China Oc­to­ber new yuan loans hit one-year low as debt curbs weigh

The Gulf Today - Business - - INTERNATIONAL -

BEI­JING: China’s new loans fell more than ex­pected in Oc­to­ber to their low­est in a year as banks tight­ened mort­gage lend­ing and cor­po­rates con­tin­ued to shun bank loans, amid a con­tin­u­ing clam­p­down on risky shadow lend­ing ac­tiv­i­ties.

Chi­nese au­thor­i­ties are walk­ing a fine line by con­tain­ing riskier types of fi­nanc­ing and slow­ing an ex­plo­sive build-up in debt with­out stunt­ing eco­nomic growth.

Chi­nese banks ex­tended 663.2 bil­lion yuan ($99.83 bil­lion) in net new yuan loans in Oc­to­ber, data from the cen­tral bank showed on Mon­day, fall­ing to the low­est since Oc­to­ber last year.

An­a­lysts polled by Reuters had pre­dicted new yuan loans to drop to 780 bil­lion yuan, from Septem­ber’s 1.27 tril­lion yuan.

House­hold loans, mostly mort­gages, fell to 450.1 bil­lion yuan in Oc­to­ber from 734.9 bil­lion yuan in Septem­ber, ac­cord­ing to Reuters cal­cu­la­tions based on the cen­tral bank’s data.

House­hold loans ac­counted for 68 per cent of to­tal new loans last month, up from 58 per cent in Septem­ber.

Cor­po­rate loans dropped to 214.2 bil­lion yuan in Oc­to­ber from 463.5 bil­lion yuan a month ear­lier.

Broad M2 money sup­ply (M2) grew 8.8 per cent in Oc­to­ber from a year ear­lier, miss­ing fore­casts for an ex­pan­sion of 9.2 per cent and hit­ting the slow­est since records be­gan in 1996. China’s cen­tral bank in June said that the slow­ing M2 growth could be a “new nor­mal” due to reg­u­la­tors’ stepped-up crack­down on risky shadow lend­ing ac­tiv­i­ties.


Out­stand­ing yuan loans at the end of Oc­to­ber grew 13 per cent from a year ear­lier, less than an ex­pected 13.1 per cent rise.

China’s banks ex­tended a record 12.65 tril­lion yuan in loans in 2016 as the gov­ern­ment en­cour­aged credit-fu­eled stim­u­lus to meet its eco­nomic growth tar­get.

The credit ex­plo­sion has stoked wor­ries about fi­nan­cial risks from a rapid build-up in debt, which au­thor­i­ties have pledged to con­tain this year. China’s to­tal so­cial fi­nanc­ing (TSF), a broad mea­sure of credit and liq­uid­ity in the econ­omy, fell to 1.04 tril­lion yuan ($156.54 bil­lion) last month from 1.82 tril­lion yuan in Septem­ber, ac­cord­ing to the cen­tral bank data.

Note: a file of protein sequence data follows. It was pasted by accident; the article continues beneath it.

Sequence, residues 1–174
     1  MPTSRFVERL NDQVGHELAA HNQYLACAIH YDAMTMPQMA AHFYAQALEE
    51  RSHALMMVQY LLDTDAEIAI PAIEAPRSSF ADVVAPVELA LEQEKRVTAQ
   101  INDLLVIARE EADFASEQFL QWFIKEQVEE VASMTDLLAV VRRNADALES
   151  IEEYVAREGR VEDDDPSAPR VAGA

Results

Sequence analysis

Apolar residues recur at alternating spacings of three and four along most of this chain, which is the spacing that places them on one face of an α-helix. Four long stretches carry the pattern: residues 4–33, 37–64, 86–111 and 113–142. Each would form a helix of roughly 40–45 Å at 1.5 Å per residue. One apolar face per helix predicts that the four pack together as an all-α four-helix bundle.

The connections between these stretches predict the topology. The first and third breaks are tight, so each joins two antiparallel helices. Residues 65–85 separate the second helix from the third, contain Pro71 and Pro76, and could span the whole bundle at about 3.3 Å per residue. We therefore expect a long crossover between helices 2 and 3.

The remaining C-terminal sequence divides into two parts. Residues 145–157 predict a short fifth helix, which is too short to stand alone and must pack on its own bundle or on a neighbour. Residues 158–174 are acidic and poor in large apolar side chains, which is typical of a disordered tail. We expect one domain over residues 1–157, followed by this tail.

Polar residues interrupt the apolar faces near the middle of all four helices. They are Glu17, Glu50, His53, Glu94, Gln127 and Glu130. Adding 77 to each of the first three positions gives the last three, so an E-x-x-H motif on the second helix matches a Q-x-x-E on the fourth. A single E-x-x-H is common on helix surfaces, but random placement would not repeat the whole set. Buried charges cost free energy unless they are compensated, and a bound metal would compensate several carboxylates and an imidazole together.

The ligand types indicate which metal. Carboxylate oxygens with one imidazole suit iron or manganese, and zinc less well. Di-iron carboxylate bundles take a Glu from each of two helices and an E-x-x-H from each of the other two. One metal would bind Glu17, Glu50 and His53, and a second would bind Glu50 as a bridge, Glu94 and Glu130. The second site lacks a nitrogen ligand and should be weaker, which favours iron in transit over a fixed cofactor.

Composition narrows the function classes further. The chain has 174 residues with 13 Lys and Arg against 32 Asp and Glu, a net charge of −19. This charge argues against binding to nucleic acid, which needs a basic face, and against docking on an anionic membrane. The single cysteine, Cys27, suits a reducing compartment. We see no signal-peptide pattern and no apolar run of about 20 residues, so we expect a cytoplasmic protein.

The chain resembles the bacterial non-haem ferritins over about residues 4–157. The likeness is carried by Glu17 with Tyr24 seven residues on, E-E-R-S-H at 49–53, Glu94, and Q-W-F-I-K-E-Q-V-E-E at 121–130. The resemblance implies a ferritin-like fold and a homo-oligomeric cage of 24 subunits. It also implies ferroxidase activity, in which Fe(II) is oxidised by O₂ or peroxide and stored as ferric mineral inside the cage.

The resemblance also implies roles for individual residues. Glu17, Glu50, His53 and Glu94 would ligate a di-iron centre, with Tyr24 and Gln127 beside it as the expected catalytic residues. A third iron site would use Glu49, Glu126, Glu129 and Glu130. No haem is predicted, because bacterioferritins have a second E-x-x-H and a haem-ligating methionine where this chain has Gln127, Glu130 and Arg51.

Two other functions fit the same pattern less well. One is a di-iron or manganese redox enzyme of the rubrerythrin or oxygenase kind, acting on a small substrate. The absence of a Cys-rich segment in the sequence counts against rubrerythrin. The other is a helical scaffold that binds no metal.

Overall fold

Gold­man Sachs had ex­pected China’s TSF, which in­cludes off­bal­ance sheet forms of fi­nanc­ing such as loans from trust com­pa­nies, bond sales and ini­tial pub­lic of­fer­ings, to shrink to 1.2 tril­lion yuan in Oc­to­ber.

China’s broad shadow bank­ing ac­tiv­ity stopped grow­ing in the first half of 2017 and de­clined rel­a­tive to gross do­mes­tic prod­uct for the first time in five years, weighed by a fall in is­suance of higher risk in­stru­ments, a Moody’s In­vestors Ser­vice re­port showed, in­di­cat­ing China’s re­cent reg­u­la­tory mea­sures are show­ing ef­fect.

Au­thor­i­ties have turned their at­ten­tion to con­sumer loans, in a bid to stop them from be­ing used to fi­nance hous­ing pur­chases. A cen­tral re­port last month showed much of the growth in con­sumer credit ap­pears linked to the prop­erty mar­ket.

Out­stand­ing house­hold con­sumer loans surged nearly 30 per cent as of end-septem­ber from a year ear­lier and there was also a sharp in­crease in prop­erty loans in the same pe­riod.

Mean­while the China took what it called a ma­jor step to­ward open­ing its fi­nan­cial in­dus­try with a prom­ise Fri­day to ease lim­its on for­eign own­er­ship of banks and se­cu­ri­ties firms fol­low­ing a visit by US Pres­i­dent Don­ald Trump that was dom­i­nated by trade is­sues.

The an­nounce­ment by a Cabi­net of­fi­cial ap­peared to re­spond to mount­ing US and Euro­pean com­plaints that Bei­jing ham­pers for­eign ac­tiv­ity in a va­ri­ety of in­dus­tries in vi­o­la­tion of free-trade com­mit­ments. The Amer­i­can Cham­ber of Com­merce in China, which has ap­pealed to Bei­jing to ease mar­ket bar­ri­ers, said it looked for­ward to see­ing de­tails of the lat­est changes.

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